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Aftermath of the Türkiye Earthquakes

April 25, 2023  - By
Image: Judy Dillon/iStock/Getty Images Plus/Getty Images

Image: Judy Dillon/iStock/Getty Images Plus/Getty Images

The Mw 7.8 and Mw 7.5 Kahramanmaraş Earthquake Sequence struck near Nurdağı, Türkiye, on Feb. 6. It collapsed several buildings and has claimed more than 50,000 lives. The impact of the initial earthquakes was very severe, but to make matters worse, later in February, a Mw 6.4 tremor struck near Antakya, a city near Türkiye’s border with Syria. This created further damage to infrastructure and claimed more victims.

Image: Screenshot of video from NBC News

Image: Screenshot of video from NBC News

The Specifics

The United States Geological Survey reports that the earthquake resulted from strike-slip faulting at shallow depths. The earthquake sequence displaced numerous fault segments within the East Anatolian Fault zone. Early estimates indicate about 185 miles of fault length ruptured. Parts of the North Anatolian Fault shifted 10 feet, while segments of the East Anatolian Fault slid more than 30 feet.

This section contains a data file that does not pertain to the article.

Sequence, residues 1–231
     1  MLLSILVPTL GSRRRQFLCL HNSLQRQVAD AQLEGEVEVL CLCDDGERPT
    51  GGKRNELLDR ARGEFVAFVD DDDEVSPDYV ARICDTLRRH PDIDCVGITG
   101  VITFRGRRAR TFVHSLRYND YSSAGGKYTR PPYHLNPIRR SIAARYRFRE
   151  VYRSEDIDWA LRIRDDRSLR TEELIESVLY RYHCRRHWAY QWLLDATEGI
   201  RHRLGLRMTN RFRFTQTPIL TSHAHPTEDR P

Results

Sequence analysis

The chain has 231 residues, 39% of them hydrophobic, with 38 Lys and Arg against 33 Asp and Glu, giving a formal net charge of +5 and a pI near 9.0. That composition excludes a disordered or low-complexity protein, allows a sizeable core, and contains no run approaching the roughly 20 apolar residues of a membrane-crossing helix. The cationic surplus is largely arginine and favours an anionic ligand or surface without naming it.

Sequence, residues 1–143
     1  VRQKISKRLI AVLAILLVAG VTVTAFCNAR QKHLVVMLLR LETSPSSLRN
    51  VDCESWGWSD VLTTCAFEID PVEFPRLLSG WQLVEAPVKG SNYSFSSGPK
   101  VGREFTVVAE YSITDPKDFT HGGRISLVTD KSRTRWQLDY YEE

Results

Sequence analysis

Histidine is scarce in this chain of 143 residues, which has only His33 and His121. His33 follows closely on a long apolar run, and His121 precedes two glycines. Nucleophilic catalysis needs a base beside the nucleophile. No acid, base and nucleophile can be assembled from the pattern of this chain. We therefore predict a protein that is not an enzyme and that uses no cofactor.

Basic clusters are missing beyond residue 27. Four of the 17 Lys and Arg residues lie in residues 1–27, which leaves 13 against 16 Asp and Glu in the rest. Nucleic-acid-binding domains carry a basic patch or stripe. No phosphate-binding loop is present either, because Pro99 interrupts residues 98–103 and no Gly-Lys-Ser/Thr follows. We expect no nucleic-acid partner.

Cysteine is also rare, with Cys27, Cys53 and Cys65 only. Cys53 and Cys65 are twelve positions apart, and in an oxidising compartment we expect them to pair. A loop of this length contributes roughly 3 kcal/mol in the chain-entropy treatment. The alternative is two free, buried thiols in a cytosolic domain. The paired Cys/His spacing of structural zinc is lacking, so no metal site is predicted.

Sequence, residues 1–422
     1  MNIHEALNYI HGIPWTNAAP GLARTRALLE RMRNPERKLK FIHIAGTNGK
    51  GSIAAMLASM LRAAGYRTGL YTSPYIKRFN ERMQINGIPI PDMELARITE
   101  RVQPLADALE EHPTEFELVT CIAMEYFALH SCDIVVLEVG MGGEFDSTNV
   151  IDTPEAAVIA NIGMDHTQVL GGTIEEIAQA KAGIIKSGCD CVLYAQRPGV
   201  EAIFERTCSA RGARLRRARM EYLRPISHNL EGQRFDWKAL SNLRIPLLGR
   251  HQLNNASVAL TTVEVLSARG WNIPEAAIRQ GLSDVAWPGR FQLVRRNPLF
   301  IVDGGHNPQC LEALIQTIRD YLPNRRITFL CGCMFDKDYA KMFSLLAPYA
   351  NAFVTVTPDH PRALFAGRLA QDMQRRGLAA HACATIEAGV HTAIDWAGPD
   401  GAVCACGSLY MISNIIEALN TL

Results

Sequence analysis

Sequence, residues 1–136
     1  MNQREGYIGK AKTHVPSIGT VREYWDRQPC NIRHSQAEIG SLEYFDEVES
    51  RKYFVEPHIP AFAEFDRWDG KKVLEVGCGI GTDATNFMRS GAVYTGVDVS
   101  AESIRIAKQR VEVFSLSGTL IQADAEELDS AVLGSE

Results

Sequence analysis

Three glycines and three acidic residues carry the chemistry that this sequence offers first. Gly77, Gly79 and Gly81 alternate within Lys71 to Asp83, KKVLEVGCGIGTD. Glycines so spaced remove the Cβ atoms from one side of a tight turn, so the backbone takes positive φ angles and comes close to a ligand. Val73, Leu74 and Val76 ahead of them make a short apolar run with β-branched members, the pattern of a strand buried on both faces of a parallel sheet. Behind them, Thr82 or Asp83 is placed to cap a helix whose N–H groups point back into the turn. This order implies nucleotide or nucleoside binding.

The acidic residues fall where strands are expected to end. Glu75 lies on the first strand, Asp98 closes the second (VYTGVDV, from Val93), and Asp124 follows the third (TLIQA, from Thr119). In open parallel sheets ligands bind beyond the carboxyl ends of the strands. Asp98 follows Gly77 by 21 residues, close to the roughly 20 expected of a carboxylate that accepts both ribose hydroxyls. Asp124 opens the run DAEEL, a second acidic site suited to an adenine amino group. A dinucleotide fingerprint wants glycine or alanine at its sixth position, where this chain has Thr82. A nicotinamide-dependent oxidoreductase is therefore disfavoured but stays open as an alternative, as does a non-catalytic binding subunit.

Historic Site Suffers

Gaziantep Castle dates back to the second millennium B.C. It has been used in many capacities throughout history, and more recently, stood as a museum for visitors to learn about its rich history. The castle was reduced to rubble in the earthquake. Other historical sites that sustained damage include the Yeni Mosque and the ancient city of Aleppo in Syria.

Image: Screenshot of CNN video

Image: Screenshot of CNN video

Earth Opens Up

The earthquake destroyed cities all over Türkiye and northern Syria, but they are not the only areas that suffered dramatic effects. A verdant olive grove in Tepehan, Hatay Province, Türkiye, was completely divided when the ground split, creating a 984-foot-long valley in the middle of the grove. The valley is more than 130 feet deep and has created issues for the 7,000 people that inhabit the area.

About the Author: Maddie Saines

Maddie was a managing editor at GPS World.